Paul Wolfowitz and Scooter Libby, two key players in the George W. Bush administration, are teaching a course this fall on decision-making in the 2003 Iraq War.
The course, titled "The War in Iraq: A Study in Decision-Making", will examine some "key strategic decisions" during the war, according to a description by the Hertog Foundation in D.C., which will offer the week-long course.
Wolfowitz, who served as deputy defense secretary between 2001 and 2005, and Libby, who served as national security adviser to then-Vice President Dick Cheney and Bush during that time, both advocated for the war.
"History takes on a different aspect when viewed not from years removed and with the consequences of decisions taken known, but from the viewpoints of the actual policymakers as decisions approached and as unexpected events, rivalries, counter-moves, mistakes, and imperfect understandings intervened," a course description reads.
The course comes as Iraq is back in the headlines. President Obama has ordered about 3,500 U.S. troops to the country, to train and advise Iraqi forces to fight Al Qaeda in Iraq successor's, the Islamic State in Iraq and Syria (ISIS).
Iraq has also been in the headlines as 2016 presidential candidates struggle to answer whether they supported the 2003 war and what should be done in the current conflict.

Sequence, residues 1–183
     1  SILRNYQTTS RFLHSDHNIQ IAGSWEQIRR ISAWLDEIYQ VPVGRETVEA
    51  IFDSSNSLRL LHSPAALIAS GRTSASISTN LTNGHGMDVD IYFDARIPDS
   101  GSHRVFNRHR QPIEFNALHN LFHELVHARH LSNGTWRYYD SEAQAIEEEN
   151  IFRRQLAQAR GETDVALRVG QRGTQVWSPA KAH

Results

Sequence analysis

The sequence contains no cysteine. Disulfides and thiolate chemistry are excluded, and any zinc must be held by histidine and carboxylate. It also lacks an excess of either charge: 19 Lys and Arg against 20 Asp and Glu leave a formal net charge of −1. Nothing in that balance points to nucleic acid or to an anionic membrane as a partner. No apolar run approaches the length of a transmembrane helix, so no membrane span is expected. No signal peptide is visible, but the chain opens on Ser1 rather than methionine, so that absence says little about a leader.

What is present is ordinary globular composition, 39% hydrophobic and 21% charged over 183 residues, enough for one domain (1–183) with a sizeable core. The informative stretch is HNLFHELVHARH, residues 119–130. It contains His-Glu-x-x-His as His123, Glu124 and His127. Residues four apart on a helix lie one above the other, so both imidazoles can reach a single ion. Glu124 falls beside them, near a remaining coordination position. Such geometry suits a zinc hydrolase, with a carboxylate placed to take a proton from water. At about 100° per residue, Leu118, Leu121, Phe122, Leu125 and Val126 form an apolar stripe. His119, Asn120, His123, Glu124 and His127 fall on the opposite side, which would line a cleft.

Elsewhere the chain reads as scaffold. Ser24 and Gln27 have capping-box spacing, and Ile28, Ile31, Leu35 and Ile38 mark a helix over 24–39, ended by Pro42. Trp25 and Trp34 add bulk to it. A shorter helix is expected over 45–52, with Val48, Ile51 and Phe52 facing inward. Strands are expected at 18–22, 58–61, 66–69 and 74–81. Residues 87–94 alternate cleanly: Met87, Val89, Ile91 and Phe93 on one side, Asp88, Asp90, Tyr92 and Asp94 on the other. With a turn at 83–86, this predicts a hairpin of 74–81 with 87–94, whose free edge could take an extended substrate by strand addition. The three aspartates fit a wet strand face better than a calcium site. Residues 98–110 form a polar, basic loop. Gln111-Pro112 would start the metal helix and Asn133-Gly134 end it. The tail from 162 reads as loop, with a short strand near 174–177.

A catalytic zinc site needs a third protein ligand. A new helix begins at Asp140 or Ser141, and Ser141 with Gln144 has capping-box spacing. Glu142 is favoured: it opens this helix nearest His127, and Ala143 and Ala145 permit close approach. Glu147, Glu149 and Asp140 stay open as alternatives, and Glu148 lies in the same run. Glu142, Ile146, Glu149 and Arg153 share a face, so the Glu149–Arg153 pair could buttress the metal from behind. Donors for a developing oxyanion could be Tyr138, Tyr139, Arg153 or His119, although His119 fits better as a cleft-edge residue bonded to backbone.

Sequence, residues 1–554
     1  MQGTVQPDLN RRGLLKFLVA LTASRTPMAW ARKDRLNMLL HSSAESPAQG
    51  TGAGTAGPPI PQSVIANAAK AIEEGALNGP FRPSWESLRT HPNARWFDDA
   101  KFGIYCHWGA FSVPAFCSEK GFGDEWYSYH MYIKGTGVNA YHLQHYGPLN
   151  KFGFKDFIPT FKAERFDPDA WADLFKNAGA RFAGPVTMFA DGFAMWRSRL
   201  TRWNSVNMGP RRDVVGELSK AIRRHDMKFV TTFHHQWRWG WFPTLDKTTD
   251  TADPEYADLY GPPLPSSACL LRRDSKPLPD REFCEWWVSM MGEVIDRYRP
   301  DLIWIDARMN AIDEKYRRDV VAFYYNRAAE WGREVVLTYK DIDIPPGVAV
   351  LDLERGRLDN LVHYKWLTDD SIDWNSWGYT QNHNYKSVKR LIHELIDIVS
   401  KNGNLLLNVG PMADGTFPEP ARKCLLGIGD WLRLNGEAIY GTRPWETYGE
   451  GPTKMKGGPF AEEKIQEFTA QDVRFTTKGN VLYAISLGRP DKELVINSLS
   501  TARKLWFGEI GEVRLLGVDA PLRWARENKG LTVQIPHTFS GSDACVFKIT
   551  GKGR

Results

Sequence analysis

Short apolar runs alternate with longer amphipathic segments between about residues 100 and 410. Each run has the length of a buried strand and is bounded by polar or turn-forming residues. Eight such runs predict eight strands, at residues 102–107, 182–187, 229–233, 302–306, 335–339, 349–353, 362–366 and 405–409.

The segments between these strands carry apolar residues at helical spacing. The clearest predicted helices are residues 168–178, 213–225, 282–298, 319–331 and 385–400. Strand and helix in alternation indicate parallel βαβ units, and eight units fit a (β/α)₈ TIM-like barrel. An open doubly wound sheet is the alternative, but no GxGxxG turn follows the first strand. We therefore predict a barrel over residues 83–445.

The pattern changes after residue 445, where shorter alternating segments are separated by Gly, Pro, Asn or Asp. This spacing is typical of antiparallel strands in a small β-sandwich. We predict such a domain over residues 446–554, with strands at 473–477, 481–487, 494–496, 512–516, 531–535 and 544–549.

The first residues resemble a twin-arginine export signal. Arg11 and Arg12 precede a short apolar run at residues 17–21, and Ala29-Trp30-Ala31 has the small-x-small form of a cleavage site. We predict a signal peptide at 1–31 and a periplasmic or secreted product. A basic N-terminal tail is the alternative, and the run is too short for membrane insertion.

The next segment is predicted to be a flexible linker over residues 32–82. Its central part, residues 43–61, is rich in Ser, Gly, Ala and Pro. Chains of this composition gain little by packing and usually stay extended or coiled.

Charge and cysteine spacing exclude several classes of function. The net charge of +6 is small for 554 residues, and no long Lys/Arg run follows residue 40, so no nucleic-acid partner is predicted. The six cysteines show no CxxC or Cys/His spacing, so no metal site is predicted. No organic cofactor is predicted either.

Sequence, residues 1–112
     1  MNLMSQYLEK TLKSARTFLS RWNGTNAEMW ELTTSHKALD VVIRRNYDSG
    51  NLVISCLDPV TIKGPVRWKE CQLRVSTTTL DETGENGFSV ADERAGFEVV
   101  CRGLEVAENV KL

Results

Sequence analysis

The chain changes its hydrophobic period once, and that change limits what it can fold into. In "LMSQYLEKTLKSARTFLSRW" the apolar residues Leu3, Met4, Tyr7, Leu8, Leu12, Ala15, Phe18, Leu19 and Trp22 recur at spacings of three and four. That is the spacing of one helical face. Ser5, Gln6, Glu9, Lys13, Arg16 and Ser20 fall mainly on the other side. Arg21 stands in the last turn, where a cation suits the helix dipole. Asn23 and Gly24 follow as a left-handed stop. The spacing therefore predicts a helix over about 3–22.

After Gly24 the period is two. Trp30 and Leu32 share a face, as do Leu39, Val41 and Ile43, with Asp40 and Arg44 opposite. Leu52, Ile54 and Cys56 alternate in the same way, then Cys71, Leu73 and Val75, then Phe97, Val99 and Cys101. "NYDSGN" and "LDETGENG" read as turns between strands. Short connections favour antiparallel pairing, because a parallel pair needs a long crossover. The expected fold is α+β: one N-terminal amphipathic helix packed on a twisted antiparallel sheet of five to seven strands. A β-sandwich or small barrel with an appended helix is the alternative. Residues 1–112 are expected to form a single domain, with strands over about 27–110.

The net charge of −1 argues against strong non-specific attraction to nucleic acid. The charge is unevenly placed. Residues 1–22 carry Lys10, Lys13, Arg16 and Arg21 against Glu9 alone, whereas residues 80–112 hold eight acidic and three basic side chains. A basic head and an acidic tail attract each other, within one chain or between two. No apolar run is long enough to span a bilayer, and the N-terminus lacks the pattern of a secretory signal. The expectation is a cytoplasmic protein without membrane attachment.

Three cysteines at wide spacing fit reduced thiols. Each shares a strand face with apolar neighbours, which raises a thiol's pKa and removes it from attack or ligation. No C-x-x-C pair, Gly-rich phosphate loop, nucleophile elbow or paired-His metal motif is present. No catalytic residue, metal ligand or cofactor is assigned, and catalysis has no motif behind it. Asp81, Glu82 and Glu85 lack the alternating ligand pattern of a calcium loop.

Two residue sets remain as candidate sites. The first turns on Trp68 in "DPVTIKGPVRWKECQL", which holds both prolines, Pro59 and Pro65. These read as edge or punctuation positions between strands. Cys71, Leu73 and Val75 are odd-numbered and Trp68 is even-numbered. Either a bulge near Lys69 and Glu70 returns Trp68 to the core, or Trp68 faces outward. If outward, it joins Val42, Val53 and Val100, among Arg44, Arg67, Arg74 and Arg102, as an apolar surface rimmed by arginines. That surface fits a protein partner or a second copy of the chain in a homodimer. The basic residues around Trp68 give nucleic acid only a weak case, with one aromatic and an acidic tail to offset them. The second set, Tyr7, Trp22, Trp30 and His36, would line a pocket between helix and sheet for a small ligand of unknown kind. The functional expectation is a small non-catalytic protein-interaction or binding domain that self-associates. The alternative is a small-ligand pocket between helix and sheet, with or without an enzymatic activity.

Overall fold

The question has been particularly sensitive for candidate and former Florida Gov. Jeb Bush, whose brother launched the war. Wolfowitz is also serving as one of his foreign policy advisers.
The decision to launch the war has become one of, if not the most, controversial decision in the Bush administration's tenure, premised on Iraq's suspected possession of weapons of mass destruction.
Coalition troops had successfully toppled the Saddam Hussein regime, but the mission became mired in sectarian warfare, and Shiite militia and Al Qaeda-inspired Sunni terrorists targeted each other and U.S. troops. About 3,500 U.S. troops were killed in combat.
Bush ordered a troop surge in 2007 that is credited with stabilizing Iraq. However, stability deteriorated after the withdrawal of U.S. forces by the Obama administration in 2011.
In August, Wolfowitz told The Hill the U.S. had "won" the Iraq War in 2009.
He also said the Obama administration did not try hard enough to secure an agreement with Iraq to leave U.S. forces there after 2011.
The course description acknowledges the consequences of the U.S. invasion.
"The U.S. invasion of Iraq in 2003 quickly removed the regime that had repeatedly defied America and gave Iraqis a chance to devise their own future. However, the war soon devolved into a messy combination of insurgency and sectarian fighting that brought thousands of U.S. casualties, sapped American will and credibility, and worked to the benefit of America’s other regional nemesis, Iran," it said.
However, it adds, "These events occurred not in isolation, but against the backdrop of broader international developments, particularly the ending of the Cold War, the attacks of 9/11/2001, and the on-going U.S. confrontation with radical Islam."